Fitzgerald’s gambit failed, and by the summer of 2001, with work on the site under way, news reports suggested that Ryan’s chief of staff, Robert Newtson, wanted the job of directing the library. Newtson, then 48, had been with the governor for more than 20 years, serving as his chief of staff when Ryan was Illinois House minority leader, speaker of the House, and lieutenant governor. Newtson served Ryan in several capacities when he was secretary of state-but had no training as a historian, librarian, or museum administrator.
In August 2001, the governor dropped a bombshell. Using his amendatory veto, Ryan-who had just announced he would not seek a second term-blocked a bill that codified the preservation agency’s jurisdiction over the library and museum. Without saying who should oversee the complex, Ryan argued that, since the project was not a historic site, it did not fall under the agency’s purview. A few days after delivering his veto, the governor said that a university might be a good match for the Lincoln complex-and that Newtson was “certainly qualified” to serve as its director.
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Steve Neal’s column praising Ryan had appeared the previous spring, and at first Neal didn’t write in response to this latest turn. Eventually his attitude toward the governor would change, though it’s not clear why. “I have no idea why Steve turned on me,” says Ryan. “I always thought he was a friend.” Like others associated with the project, Ryan is reluctant to explore the subject further-but Susan Neal willingly offers her perspective. “Steve thought some mistakes were made,” she says. “He was told one thing by the governor, and then he would learn that something else was going to happen. Initially he had liked Governor Ryan quite a lot, but he came to distrust him over the library.”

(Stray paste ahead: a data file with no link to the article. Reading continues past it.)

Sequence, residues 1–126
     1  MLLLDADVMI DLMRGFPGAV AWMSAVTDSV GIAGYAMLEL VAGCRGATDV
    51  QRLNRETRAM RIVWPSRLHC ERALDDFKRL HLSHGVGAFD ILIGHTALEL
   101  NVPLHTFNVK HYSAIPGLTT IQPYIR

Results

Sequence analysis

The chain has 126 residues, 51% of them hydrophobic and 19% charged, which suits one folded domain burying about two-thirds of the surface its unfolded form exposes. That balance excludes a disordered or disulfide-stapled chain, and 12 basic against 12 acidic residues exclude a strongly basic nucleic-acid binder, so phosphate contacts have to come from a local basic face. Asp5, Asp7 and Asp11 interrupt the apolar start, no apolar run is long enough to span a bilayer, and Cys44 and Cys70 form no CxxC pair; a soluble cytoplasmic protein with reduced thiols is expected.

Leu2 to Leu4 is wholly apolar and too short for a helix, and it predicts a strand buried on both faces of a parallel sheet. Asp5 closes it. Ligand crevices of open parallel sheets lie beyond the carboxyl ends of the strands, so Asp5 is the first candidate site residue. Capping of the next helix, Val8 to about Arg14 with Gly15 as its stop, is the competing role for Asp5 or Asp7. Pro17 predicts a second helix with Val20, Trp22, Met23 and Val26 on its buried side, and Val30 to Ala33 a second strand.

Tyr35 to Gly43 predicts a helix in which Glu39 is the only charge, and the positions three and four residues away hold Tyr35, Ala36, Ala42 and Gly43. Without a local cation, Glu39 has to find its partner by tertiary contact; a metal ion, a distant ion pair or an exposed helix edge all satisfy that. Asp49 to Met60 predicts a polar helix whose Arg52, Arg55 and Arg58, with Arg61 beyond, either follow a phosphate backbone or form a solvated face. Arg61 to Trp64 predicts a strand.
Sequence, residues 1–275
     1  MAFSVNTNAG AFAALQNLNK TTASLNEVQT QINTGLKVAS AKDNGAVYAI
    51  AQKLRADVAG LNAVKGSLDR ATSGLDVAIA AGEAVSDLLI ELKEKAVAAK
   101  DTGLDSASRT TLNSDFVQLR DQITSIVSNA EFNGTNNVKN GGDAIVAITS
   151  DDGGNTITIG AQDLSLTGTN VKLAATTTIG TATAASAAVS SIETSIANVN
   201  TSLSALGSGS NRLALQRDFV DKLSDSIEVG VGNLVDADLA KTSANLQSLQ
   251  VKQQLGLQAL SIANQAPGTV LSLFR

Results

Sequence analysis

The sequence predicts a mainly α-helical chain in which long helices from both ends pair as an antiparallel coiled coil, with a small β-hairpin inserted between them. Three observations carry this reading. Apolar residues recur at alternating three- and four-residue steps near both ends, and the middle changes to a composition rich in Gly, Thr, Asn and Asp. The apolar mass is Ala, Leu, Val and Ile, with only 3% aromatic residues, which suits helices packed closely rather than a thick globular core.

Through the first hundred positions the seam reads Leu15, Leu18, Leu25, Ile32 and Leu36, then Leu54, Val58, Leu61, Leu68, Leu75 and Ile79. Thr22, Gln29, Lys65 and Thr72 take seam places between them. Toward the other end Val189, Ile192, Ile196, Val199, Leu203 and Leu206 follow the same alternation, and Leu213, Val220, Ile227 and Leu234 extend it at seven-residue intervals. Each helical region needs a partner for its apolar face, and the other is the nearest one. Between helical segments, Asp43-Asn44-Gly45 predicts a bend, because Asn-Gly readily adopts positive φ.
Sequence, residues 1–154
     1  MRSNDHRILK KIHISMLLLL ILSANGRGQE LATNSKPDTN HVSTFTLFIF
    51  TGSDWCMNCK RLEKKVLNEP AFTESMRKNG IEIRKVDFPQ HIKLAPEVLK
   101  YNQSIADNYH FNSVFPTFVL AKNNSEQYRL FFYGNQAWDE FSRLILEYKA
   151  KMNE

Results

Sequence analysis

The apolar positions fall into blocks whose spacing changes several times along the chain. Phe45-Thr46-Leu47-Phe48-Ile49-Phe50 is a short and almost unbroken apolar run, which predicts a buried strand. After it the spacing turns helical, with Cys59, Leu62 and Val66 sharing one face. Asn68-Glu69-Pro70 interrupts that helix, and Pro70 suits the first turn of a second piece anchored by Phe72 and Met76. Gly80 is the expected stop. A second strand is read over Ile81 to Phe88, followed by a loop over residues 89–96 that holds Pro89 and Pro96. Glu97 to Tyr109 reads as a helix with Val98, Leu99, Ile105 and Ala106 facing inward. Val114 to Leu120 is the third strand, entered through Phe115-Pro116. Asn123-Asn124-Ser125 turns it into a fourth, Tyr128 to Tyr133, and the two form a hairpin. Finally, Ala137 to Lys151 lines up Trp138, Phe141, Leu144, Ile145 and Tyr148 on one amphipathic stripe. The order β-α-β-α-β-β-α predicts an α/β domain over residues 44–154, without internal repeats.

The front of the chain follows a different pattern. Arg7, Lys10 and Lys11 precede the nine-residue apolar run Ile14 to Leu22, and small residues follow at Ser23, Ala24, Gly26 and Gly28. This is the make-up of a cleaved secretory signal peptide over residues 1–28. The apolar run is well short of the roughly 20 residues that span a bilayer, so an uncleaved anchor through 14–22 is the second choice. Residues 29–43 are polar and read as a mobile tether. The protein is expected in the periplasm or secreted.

Neal unquestionably knew his way around the world of politics. Born in Oregon in 1949, he once considered a political career himself. At the University of Oregon, he served as class president in his sophomore and senior years. “I made it clear that if he was interested in being a politician, he should know that that’s not the life I had in mind for myself,” says Susan Neal, who met her future husband when they were both freshmen. “He finally decided that he would rather write about politics than be a politician.”